Nicholas Heffelfinger Reflects on Creating BIG BAD WOLF

Nicholas Heffelfinger in Joshua L. Peugh's  Big Bad Wolf.  Photo by Sharen Bradford

Nicholas Heffelfinger in Joshua L. Peugh's Big Bad Wolf. Photo by Sharen Bradford

As a dancer growing up at a Performing Arts High School and then attending the Boston Conservatory at Berklee, one of my biggest fears was never landing a dance job post-graduation. You hear “horror” stories of dancers trying to make it after graduating only to give up dance fully after one, two, five, or ten years of trying. Thus, I feel extremely lucky to be where I am today as a company member of Dark Circles Contemporary Dance. It all seems like a blur—I attended the Dark Circles audition back in March, was offered a contract, decided to sign the contract, and moved all the way from Pennsylvania to Dallas this past summer. But even after landing my first professional dance job, my feelings of fear did not seem to go away. All of a sudden, I was in a new city, in a room full of dancers I did not know, and working with a professional dance company for the first time in my life. Fear continued to creep up on me even in small unnoticeable ways. My fear along with the fearful future of our country and planet, lent itself perfectly to the creation of Josh’s Big Bad Wolf. Through the process of creation and discussion of the role that fear and “bad guys” play in children’s stories, I began to truly grasp this concept of fear and learn to deal with it in my own small ways.

Nick & Lena Oren rehearse  Big Bad Wolf

Nick & Lena Oren rehearse Big Bad Wolf

After joining Dark Circles, I realized that the company operates in a unique way. Josh’s creation process allows us dancers to act as creative influences on the movement and structure of the piece. This was very evident right off the bat, as we began creating phrase work for Big Bad Wolf. The movement for Josh’s work comes out of inspirations from daily life and occurrences within rehearsal. I believe this process allows the movement to remain alive in our bodies and modalities. It is as if the movement phrases Josh forms create a skeleton for the work. Then we dancers, as individuals, are given the freedom to insert the organs, nerves, muscles, and fluids to our liking in order to give life to the piece.

Joshua L. Peugh rehearsing the company in  Big Bad Wolf

Joshua L. Peugh rehearsing the company in Big Bad Wolf

The first few weeks of creation were extremely exciting and exhausting. Josh has a very specific and unique movement vocabulary that changes and adapts to whoever he has in the room and whatever piece he is working on. At first, finding one’s own groove within this specific aesthetic can be quite difficult, but over time one’s body finds its home within the “Peughtiful” technique. The specificity of movement vocabulary is a result of Josh translating various tasks into movement. These tasks can be as simple as tracing the lettering on someone's t-shirt with different body parts in space. Josh’s elemental, pedestrian, and playful inspirations for movement enable us to bring ourselves and our personalities into the work. For Big Bad Wolf, the specificity in style and movement quickly sorted the cast into characters. Each character became essential to the overall theme of analyzing the installment of fear in children through cautionary tales.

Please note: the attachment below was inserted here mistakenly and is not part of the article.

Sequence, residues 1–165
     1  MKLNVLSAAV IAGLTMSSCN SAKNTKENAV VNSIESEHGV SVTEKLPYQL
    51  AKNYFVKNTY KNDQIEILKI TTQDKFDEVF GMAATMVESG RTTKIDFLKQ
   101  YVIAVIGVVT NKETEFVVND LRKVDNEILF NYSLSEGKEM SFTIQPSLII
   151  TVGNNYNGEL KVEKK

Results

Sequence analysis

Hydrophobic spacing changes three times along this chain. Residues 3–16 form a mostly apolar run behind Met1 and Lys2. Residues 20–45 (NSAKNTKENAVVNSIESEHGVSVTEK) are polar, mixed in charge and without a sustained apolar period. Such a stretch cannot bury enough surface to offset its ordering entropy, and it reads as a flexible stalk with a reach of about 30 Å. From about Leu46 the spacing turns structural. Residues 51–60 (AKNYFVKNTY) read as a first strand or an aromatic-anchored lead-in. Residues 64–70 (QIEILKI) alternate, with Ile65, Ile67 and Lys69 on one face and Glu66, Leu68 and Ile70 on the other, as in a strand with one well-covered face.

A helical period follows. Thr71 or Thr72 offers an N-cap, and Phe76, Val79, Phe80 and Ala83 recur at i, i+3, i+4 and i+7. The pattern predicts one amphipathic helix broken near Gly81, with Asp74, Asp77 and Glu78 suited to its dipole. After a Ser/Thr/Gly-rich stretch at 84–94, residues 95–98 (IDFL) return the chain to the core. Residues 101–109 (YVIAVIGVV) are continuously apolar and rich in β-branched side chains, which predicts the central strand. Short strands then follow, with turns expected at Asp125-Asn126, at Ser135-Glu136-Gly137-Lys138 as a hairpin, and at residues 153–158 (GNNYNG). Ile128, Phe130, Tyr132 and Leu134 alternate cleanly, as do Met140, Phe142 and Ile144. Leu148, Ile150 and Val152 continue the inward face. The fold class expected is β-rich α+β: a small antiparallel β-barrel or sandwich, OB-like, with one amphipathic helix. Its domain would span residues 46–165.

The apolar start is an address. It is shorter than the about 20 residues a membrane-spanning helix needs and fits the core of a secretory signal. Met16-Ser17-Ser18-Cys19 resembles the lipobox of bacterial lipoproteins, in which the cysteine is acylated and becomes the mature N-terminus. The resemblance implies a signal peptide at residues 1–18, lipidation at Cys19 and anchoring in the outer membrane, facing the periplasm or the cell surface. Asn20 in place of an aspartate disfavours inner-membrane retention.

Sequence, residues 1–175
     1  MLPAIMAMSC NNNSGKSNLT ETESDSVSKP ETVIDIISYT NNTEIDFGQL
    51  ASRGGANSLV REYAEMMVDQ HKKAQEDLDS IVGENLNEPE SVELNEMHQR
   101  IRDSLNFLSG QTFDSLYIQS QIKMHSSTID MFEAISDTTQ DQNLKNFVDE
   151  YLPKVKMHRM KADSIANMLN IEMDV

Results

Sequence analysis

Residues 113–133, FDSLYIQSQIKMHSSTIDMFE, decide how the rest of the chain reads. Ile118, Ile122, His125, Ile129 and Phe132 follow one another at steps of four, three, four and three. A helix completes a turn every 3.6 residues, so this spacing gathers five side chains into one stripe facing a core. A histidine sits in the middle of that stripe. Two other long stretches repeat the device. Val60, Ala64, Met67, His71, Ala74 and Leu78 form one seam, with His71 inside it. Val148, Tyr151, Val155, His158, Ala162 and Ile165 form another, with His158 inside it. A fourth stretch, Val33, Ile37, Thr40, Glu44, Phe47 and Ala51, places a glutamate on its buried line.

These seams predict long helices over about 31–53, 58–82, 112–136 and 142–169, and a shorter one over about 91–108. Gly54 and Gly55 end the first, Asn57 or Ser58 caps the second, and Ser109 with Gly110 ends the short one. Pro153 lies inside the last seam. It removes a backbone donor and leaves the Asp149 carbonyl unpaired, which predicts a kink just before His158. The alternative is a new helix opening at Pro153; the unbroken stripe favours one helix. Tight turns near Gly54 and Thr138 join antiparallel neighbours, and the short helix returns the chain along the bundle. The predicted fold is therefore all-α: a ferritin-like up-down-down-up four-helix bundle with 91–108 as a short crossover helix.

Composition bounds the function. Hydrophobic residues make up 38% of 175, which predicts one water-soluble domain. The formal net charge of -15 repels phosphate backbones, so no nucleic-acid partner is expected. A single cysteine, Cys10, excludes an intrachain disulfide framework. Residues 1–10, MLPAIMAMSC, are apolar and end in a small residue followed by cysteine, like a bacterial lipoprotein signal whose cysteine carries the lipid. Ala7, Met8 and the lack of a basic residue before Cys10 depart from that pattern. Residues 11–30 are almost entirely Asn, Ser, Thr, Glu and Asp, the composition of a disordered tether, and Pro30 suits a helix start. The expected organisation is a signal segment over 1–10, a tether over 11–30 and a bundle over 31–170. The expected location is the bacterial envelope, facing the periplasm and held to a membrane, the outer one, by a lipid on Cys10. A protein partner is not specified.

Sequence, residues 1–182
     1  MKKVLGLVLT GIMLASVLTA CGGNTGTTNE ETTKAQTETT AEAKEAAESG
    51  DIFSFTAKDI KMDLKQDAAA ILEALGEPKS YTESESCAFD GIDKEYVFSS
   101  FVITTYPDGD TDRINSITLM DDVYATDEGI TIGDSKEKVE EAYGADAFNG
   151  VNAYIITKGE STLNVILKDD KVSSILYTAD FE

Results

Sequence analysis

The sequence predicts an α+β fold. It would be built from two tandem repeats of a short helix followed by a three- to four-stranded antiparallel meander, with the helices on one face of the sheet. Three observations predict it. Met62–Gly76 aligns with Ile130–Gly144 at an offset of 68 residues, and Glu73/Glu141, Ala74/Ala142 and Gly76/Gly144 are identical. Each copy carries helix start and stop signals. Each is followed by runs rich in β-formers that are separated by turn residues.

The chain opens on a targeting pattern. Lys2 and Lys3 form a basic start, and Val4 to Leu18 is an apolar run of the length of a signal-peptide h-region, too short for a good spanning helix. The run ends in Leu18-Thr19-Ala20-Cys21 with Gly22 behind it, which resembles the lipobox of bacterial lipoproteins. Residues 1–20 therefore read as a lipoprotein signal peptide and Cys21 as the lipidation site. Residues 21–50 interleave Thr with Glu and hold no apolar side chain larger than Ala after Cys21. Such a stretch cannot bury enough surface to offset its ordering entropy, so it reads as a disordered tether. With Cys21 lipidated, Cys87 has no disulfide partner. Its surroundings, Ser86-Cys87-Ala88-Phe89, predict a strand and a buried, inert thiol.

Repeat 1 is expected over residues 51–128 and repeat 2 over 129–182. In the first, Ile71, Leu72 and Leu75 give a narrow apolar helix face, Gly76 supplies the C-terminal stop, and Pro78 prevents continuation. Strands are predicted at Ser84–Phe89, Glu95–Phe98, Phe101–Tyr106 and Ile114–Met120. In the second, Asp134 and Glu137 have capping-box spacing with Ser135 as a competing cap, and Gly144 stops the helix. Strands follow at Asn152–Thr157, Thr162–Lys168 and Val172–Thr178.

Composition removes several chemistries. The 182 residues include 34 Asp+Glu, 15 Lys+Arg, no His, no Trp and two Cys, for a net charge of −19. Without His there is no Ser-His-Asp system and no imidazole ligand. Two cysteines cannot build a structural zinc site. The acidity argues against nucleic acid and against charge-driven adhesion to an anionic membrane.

Composer Brandon Carson recording the score for  Big Bad Wolf

Composer Brandon Carson recording the score for Big Bad Wolf

The unique musical score for Big Bad Wolf is unlike anything I’ve ever heard. Brandon Carson, a recent graduate from SMU, composed such wonderful tunes that make the eerie stories within the piece come to life. Using influences such as carny music from the 1800’s as well as spooky musical tones that sound like they belong with campfire tales, Carson perfectly matched the mood and atmosphere the work provokes. The music connects in a wonderful way to our movement, bringing out and deepening our various characters and the stories we tell with our bodies. 

Nicholas & Lena in Big Bad Wolf. Photo by Sharen Bradford

Nicholas & Lena in Big Bad Wolf. Photo by Sharen Bradford

Big Bad Wolf, is a true theatrical experience produced through beautiful collaborations. The piece comes together when our movement is paired with the incredible music by Brandon, the lovely costumes by Susan Austin, and the intriguing lighting design by Roma Flowers.  As a dancer new to Dallas, its art scene, and Dark Circles, the creation of Big Bad Wolf has been inspiring and fulfilling. Through all of the creativity and collaboration, I have begun to discover my place within the work, the company, and this city.  Although fear continues to creep into my thoughts every once in a while, our research through movement on fear and storytelling has helped me overcome small struggles with fear. And even though this piece focuses on children’s stories, there is truth and depth within it that relates to people of all ages. We all fear something and yet we also use fear as a tool to manipulate others. So, tell me this, are we all the Big Bad Wolf?

Reserve your seats for the U.S. premiere of Joshua L. Peugh's Big Bad Wolf as well as for the world premiere of Peugh's Les Fairies. Performances will take place October 19 through 21 at Dee and Charles Wyly Theatre, 6th Floor Studio Theatre, Thursday at 7:30 p.m., Friday and Saturday at 8 p.m. Tickets are $25. Tickets can be purchased online at